Halifax asserts, however, that after receiving the above explanation, it responded that, because its proposal was predicated on the exclusive nature of dedicated personnel, the proposal was overstated by approximately 27 dedicated people. When the Army responded that it had no problem with Halifax's proposed staffing, however, the firm asserts that it concluded that it was not overstaffed; it argues, therefore, that it was misled into believing that its original interpretation was correct, and that two entirely separate staffs were required.
We find no basis for Halifax's position. The record shows that Halifax repeatedly asked the Army whether it should reduce its staff, and that the Army responded that, while it could not advise the firm how to propose, it had no problem with its proposed staffing.
In this regard, the record shows that the agency's evaluators determined that Halifax's staffing plans were adequate, with no major advantages or disadvantages. In fact, Halifax proposed the smallest number of in-house technicians, which it augmented with original equipment manufacturer (OEM) subcontract support staff. On the other hand, the firm proposed a large number of management personnel, which the agency's evaluators considered necessary in light of Halifax's heavy reliance on subcontractors. While evaluators considered Halifax's proposal technically inferior to Telos', that assessment was based on Halifax's overall approach to meeting the RFP's requirements, not on any overstaffing. Thus, whether or not Halifax precisely understood the evaluators' position, the fact is that its proposal was not deemed overstaffed, and overstaffing thus was not in proper subject for discussions.
Halifax also asserts that its proposal was evaluated on the basis of factors not specified by the protester that were not set forth in the solicitation, and that its proposal in fact was substantially superior to Telos' in the Technical and Management area. Consequently, Halifax concludes, the Army's award to Telos must have been made, contrary to the RFP's evaluation scheme, solely on the basis of Telos' lower proposed cost. In addition, Halifax states that the award to Telos was erroneously based on Telos' representations that it had subcontract commitments from OEMs that would enable it to maintain various equipment, when in fact no such commitments existed.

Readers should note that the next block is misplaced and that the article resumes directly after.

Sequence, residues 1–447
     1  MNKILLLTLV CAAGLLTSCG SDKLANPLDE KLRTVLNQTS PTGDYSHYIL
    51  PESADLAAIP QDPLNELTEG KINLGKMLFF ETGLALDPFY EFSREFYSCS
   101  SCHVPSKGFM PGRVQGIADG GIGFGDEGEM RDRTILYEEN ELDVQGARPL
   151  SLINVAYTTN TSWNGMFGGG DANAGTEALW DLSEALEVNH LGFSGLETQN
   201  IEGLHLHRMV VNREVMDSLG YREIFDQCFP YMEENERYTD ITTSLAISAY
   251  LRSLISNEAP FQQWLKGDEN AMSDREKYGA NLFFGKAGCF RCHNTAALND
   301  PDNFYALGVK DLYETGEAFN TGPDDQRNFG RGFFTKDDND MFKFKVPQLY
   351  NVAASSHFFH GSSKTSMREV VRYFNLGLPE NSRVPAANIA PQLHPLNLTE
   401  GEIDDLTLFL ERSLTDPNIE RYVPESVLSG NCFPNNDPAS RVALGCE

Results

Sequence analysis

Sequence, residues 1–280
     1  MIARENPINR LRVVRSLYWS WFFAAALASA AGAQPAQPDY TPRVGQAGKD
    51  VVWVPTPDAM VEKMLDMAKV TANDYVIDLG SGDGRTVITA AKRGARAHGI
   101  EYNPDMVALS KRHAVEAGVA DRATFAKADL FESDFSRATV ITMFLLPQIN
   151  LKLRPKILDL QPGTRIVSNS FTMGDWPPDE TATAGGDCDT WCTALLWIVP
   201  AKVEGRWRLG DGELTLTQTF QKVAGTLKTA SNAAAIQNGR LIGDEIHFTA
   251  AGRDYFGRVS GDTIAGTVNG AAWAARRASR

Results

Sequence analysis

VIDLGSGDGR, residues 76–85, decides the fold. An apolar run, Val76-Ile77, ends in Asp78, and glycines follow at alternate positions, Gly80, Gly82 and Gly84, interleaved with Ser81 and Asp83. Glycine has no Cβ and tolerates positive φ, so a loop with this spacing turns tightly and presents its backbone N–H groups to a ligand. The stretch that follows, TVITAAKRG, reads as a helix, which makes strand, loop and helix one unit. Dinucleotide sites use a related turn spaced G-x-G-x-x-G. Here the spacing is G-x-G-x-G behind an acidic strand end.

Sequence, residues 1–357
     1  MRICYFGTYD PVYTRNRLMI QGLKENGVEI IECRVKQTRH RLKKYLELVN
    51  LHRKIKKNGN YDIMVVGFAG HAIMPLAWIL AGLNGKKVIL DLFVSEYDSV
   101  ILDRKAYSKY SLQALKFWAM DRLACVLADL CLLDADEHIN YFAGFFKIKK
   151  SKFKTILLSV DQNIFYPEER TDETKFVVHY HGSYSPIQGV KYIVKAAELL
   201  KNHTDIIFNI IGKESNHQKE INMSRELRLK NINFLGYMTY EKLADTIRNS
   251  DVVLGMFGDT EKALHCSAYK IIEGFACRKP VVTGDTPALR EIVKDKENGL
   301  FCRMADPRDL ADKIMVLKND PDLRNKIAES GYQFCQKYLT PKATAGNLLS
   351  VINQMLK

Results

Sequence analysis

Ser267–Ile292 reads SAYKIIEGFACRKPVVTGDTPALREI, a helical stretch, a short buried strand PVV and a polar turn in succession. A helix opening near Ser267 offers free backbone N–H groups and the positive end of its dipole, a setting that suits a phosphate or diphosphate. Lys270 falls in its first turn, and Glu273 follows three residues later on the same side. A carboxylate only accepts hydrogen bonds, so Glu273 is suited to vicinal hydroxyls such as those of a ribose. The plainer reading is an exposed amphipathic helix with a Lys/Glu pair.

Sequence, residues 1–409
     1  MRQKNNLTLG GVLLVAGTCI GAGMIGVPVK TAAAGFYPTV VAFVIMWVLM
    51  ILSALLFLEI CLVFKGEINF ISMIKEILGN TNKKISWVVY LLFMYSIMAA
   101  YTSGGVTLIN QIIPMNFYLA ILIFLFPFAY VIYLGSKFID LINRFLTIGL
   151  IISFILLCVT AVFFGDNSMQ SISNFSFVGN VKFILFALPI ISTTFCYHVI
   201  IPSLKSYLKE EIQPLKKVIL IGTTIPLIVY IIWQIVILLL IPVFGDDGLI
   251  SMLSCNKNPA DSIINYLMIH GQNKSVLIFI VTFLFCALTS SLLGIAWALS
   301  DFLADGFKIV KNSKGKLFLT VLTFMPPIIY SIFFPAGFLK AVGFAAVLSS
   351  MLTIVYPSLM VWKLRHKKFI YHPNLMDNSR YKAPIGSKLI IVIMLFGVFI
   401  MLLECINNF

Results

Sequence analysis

In its administrative report on the protest, the Army responds that, contrary to Halifax's assertions, all proposals were evaluated strictly in accordance with the evaluation scheme set forth in the solicitation. Further, the Army points out, as we have noted above, that both Telos and Halifax were rated excellent in the Technical and Management area, but that while Telos was rated excellent in the Experience and Past Performance area as well, Halifax was rated only good in that area; consequently, the award to Telos was based on Telos' technical superiority as well as its lower proposed cost. Finally, the Army states that, contrary to Halifax's assertion, its evaluation of the adequacy of Telos' staffing did not rest solely on subcontractor agreements with several OEMs but, rather, was based on the firm's overall proposed mix of in-house and contract personnel, which was determined more than sufficient to meet the agency's needs.
In its comments on the agency's report, Halifax has not attempted to rebut the Army's statements concerning these allegations; we therefore deem them abandoned. Universal Hydraulics, Inc., B-235006, June 21, 1989, 89-1 CPD Para. 585. In any event, our review of the record discloses nothing to indicate that the Army's explanations are incorrect.
The protest is denied.